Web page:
The way we refer to things matter. When we name something, we define it and quantify it. We affect how it’s views. If we call a woman a “bachelorette” or a “spinster” we get very different mental impressions of her.
So it’s important how we refer to people with autism and Asperger’s – both for their sake and for the way in which society views them.
Let’s take the term spectrum. Many people like the term spectrum because it gives a sense of many colors. Different people are at different spots along the spectrum and each is beautiful. There are red people and green people. They’re different in their own ways – but they’re also alike in some. Knowing they’re different gives a stranger the incentive to learn about them as a person and to not make assumptions. Knowing they have some shared traits gives that stranger a way to start. To be aware the person might need a quieter environment to do well, for example. That they might be nervous in social settings.
But a problem with the spectrum concept is that it’s also a scale. In this autism scale, people often talk about “low functioning” and “high functioning” – both compared with a neurotypical model. A “high functioning” person with Asperger’s or autism might be able to “pass” for neurotypical. This can be good, if they don’t want to stand out. But it can also be challenging if they need help with things and society says, “Why do you need help? You’re just a normal person, stop asking for special favors.”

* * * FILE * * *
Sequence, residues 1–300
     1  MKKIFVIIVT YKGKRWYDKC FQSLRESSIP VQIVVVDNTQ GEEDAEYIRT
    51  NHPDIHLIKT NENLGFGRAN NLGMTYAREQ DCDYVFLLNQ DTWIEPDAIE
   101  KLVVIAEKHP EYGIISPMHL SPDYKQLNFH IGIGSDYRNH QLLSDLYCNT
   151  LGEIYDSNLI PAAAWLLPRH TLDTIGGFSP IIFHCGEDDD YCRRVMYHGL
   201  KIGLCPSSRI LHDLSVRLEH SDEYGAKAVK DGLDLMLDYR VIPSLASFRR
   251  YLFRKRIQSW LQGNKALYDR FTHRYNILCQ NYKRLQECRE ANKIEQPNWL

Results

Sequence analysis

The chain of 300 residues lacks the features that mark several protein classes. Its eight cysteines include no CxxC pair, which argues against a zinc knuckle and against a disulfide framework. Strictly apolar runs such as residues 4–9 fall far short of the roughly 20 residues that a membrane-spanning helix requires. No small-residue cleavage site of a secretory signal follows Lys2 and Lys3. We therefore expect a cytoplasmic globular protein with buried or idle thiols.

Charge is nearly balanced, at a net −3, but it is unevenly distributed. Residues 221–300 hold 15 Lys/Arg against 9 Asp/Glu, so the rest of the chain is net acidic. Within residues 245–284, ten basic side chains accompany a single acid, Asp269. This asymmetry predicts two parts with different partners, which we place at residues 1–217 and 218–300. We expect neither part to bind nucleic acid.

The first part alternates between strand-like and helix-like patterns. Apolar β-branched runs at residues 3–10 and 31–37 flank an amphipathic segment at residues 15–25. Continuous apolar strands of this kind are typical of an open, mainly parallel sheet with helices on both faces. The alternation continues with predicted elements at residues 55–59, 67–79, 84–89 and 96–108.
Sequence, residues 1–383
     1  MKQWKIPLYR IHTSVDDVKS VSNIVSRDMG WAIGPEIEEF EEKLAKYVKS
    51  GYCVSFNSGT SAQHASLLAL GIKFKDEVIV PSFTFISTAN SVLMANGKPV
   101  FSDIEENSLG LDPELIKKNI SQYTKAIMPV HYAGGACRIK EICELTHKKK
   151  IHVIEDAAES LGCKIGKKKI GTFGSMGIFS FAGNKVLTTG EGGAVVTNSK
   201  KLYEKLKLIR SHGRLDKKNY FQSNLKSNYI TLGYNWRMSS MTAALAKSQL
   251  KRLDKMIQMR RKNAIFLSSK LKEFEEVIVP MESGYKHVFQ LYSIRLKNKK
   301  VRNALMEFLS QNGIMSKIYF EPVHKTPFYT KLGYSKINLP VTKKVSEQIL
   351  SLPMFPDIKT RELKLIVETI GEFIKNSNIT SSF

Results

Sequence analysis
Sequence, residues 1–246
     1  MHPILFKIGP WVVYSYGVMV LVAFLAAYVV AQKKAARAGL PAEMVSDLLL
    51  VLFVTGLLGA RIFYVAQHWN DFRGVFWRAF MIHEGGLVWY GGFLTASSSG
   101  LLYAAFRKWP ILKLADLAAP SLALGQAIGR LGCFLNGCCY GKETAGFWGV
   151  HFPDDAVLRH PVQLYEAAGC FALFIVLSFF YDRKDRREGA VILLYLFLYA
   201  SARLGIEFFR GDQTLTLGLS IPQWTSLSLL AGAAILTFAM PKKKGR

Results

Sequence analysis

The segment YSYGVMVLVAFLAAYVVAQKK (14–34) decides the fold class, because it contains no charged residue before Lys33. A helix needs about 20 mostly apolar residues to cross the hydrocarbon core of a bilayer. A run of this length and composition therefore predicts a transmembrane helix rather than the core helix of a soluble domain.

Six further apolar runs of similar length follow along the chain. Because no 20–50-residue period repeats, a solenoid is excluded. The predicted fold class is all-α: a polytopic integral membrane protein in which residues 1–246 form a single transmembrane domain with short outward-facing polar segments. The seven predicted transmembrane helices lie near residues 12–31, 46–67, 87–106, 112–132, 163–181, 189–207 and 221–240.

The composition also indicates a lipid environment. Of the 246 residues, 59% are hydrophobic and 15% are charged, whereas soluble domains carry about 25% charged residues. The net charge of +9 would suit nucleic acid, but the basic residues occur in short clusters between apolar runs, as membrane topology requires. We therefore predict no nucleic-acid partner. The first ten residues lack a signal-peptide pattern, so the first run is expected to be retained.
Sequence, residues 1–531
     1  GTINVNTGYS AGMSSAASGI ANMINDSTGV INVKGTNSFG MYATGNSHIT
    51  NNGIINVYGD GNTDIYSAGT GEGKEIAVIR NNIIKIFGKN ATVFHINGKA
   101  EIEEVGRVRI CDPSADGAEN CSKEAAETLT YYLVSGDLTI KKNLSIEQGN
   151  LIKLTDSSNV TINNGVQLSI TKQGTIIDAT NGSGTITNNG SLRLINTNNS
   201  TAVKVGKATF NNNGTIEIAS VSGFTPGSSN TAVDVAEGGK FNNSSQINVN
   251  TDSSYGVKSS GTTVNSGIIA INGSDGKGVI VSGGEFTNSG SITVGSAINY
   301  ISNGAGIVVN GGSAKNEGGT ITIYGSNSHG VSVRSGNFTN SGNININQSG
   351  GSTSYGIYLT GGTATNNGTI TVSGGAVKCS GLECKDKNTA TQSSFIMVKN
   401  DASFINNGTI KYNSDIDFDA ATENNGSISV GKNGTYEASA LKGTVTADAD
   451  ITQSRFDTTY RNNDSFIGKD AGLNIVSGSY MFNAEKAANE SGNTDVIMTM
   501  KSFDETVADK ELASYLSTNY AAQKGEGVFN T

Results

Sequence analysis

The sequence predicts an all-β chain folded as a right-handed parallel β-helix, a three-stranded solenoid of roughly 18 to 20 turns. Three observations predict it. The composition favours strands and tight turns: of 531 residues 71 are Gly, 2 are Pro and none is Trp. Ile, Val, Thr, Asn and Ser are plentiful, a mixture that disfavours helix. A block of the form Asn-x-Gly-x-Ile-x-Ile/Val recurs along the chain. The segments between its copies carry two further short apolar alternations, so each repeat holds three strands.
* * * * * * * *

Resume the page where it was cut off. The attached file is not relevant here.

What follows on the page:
On the other hand, people with low functioning autism can be warehoused. It can be assumed that because they’re non-verbal they are not able to learn or enjoy anything. They should be plunked down in front of a TV set and left alone. There are many tales of people with “low-functioning” autism who thrived once the right person came into their life.
I’m not keen with the idea that there is a spectrum with two ends. Where every person can be placed somewhere along that spectrum or scale based on a number derived from their ability to move, to communicate, and to deal socially with others.
I do also understand that society needs a place to start in terms of supporting this group of people. Breast cancer has a great lobbying arm that brings them research, awareness, and support. Right now autism has that same sort of “name recognition” due to intense efforts by many caring individuals and groups. That name recognition has immense value.
I think this is an important issue to discuss and explore.
Image of equalizer visual sourced from Pixabay / OpenClipArt-Vectors artist